# Appendix B. Rényi Differential Privacy

Here, we present a series of theorems demonstrating the relationship between RDP and $(\u03f5,\delta )$ differential privacy.

# Theorem: RDP Is Immune to Postprocessing

For a mechanism $f$ that is $(\alpha ,\u03f5)$-RDP, and a randomized mapping $g$, the composition $g\left(f\right(x\left)\right)$ is also $(\alpha ,\u03f5)$-RDP.

## Proof

See Mironov^{1}
for a proof of this claim, building on van Ervan and Harremoës.^{2}

Now, let’s demonstrate the equivalence between RDP and $(\u03f5,\delta )$-DP. First, we will need some mathematical preliminaries.

# Theorem: Young’s Inequality

If $a,b\ge 0$ and $\frac{1}{p}+\frac{1}{q}=1$ with $p,q>1$, then $ab\le \frac{{a}^{p}}{p}+\frac{{b}^{q}}{q}$

## Proof via Calculus

Define $f\left(x\right)=\frac{{x}^{p}}{p}+\frac{1}{q}-x$ and take the derivative to determine the minimum of the function.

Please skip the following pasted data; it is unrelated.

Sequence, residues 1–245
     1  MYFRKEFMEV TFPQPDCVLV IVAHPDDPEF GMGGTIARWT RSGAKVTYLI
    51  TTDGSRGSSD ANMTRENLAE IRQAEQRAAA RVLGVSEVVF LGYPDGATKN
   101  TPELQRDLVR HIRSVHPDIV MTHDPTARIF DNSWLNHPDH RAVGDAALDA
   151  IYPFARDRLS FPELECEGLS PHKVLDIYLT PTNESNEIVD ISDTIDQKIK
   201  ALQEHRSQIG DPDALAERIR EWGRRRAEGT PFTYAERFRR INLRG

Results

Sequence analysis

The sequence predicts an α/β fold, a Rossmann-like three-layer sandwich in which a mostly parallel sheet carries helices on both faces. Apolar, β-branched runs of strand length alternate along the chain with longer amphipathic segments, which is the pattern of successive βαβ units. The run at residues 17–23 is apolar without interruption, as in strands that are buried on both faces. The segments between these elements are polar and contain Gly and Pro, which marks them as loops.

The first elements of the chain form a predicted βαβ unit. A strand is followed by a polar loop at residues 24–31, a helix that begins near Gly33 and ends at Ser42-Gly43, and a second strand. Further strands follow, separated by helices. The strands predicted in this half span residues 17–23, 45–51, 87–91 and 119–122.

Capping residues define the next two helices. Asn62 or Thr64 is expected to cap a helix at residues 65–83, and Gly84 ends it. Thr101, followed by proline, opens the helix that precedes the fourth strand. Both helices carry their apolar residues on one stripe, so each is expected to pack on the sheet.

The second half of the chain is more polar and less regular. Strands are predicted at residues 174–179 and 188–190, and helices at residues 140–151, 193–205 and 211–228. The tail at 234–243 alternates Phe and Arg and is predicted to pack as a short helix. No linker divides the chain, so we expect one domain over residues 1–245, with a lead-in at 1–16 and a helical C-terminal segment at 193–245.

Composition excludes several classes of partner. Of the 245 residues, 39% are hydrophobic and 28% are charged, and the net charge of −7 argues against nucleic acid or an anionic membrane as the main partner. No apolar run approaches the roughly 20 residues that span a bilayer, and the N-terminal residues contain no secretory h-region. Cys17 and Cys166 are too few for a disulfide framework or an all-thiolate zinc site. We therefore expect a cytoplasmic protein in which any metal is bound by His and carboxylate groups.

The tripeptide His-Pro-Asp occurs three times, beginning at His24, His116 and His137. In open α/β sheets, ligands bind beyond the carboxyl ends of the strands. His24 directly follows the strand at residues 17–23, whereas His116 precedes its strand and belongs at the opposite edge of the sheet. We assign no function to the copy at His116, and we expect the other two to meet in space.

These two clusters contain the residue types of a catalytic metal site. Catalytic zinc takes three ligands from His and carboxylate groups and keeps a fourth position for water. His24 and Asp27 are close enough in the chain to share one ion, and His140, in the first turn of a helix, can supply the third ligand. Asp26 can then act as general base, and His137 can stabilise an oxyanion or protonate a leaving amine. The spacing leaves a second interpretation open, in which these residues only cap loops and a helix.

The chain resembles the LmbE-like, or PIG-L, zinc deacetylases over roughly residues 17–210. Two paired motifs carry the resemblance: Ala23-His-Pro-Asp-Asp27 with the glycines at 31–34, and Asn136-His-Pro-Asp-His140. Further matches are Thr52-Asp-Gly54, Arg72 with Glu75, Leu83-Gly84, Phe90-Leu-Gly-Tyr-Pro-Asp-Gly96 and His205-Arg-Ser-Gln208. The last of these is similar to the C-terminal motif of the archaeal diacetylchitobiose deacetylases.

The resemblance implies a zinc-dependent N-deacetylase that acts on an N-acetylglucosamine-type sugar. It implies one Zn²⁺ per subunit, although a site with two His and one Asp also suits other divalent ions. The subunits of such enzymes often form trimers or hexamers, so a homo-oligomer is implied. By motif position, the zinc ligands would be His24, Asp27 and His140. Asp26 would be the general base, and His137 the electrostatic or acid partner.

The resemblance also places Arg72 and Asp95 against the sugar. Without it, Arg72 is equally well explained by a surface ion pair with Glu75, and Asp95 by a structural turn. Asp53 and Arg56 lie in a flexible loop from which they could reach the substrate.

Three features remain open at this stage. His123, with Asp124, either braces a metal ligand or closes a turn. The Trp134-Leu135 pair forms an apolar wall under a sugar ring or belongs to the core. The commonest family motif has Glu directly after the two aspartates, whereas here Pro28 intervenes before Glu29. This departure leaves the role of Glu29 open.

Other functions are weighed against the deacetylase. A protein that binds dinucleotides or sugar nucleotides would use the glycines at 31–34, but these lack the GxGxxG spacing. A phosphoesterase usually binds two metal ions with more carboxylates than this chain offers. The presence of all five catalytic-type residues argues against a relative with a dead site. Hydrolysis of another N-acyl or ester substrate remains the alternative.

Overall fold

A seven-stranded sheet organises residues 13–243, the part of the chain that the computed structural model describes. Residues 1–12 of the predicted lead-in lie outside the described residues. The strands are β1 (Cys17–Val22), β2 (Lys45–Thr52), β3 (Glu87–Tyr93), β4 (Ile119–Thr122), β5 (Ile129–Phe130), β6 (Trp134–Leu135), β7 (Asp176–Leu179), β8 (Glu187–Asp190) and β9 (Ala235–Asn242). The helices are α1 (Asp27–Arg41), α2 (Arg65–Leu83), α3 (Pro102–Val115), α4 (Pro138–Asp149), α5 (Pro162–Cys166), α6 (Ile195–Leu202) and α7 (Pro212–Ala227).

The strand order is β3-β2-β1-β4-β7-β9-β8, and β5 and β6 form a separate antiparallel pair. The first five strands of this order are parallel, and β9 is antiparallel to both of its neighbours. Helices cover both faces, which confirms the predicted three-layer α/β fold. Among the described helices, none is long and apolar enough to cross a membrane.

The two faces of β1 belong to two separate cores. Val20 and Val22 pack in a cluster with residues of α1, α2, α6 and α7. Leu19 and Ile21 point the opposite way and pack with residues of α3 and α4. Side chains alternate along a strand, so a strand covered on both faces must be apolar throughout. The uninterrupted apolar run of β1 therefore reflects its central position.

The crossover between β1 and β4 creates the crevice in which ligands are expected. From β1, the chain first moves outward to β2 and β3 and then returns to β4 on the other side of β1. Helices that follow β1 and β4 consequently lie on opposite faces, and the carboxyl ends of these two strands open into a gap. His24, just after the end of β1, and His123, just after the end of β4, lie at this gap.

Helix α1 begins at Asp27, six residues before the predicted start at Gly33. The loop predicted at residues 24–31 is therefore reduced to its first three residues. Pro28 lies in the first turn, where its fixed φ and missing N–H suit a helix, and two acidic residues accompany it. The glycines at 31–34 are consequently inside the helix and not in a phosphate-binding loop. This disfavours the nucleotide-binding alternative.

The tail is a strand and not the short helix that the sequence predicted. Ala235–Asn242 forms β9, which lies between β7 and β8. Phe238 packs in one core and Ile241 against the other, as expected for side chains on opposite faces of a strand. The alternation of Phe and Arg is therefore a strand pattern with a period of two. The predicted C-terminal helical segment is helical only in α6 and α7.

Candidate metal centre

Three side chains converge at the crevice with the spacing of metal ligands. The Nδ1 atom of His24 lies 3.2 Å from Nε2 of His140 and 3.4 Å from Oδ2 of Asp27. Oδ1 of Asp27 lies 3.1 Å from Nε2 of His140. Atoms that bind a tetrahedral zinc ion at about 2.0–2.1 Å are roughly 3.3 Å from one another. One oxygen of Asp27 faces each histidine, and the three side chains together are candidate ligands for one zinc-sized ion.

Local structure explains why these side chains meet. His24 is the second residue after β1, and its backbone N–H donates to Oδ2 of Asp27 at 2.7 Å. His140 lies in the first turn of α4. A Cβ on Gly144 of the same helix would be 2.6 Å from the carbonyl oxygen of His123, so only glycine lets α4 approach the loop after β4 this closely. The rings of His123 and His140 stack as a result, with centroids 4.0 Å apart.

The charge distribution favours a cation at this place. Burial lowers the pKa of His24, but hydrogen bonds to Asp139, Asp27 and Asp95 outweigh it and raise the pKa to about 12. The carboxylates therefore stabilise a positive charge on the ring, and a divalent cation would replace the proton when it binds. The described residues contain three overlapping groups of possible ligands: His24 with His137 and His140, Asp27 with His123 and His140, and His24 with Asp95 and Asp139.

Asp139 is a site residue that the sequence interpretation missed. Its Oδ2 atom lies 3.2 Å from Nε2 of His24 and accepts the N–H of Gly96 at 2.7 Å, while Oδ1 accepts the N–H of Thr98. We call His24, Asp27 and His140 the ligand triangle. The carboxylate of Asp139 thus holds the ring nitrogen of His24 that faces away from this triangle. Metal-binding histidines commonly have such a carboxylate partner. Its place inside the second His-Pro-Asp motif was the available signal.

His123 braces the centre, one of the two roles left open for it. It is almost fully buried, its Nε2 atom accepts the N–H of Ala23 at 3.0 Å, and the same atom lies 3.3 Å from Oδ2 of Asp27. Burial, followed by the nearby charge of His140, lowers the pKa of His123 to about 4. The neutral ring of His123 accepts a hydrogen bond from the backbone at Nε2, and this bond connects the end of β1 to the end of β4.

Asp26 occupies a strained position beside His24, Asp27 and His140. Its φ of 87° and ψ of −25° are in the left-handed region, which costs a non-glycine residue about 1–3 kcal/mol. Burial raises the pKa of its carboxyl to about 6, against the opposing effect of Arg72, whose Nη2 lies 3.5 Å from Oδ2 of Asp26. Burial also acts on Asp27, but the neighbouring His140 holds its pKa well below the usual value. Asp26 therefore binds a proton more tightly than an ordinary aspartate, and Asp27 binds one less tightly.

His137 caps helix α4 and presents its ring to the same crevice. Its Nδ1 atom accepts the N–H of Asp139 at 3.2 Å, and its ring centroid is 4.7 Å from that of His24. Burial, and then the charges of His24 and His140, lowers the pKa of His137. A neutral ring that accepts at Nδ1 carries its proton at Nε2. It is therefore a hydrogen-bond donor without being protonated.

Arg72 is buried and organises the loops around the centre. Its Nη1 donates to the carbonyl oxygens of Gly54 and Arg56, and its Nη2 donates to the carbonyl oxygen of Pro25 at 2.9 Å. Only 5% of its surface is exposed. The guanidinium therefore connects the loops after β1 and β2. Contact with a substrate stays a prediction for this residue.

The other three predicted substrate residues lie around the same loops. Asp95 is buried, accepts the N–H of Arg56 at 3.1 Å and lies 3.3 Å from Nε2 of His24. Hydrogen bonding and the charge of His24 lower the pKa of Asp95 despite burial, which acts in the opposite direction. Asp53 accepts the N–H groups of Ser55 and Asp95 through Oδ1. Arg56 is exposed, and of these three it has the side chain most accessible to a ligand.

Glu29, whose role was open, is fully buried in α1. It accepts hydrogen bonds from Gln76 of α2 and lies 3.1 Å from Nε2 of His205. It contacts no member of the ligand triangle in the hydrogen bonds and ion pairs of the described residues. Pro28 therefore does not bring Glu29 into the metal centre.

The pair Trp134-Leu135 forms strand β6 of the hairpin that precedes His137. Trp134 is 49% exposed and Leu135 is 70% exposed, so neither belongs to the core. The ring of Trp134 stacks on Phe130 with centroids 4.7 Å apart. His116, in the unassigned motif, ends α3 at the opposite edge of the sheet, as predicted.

The derivative is ${f}^{\text{'}}\left(x\right)={x}^{p-1}-1$, and setting this equal to 0:

We know this is a minimum by the second derivative test: ${f}^{\text{'}\text{'}}\left(x\right)=(p-1){x}^{p-2}\ge 0$.

So we know that the minimum of $f\left(x\right)$ occurs at $x=1$ and that this minimum is $f\left(1\right)=0$.

This means that:

Without loss of generality, assume $a>b$. Then ${a}^{p}{b}^{-q}\ge 1$. This further implies that:

and we know that $\frac{1}{p}+\frac{1}{q}=1$, so:

Multiplying both sides ...

Get *Hands-On Differential Privacy* now with the O’Reilly learning platform.

O’Reilly members experience books, live events, courses curated by job role, and more from O’Reilly and nearly 200 top publishers.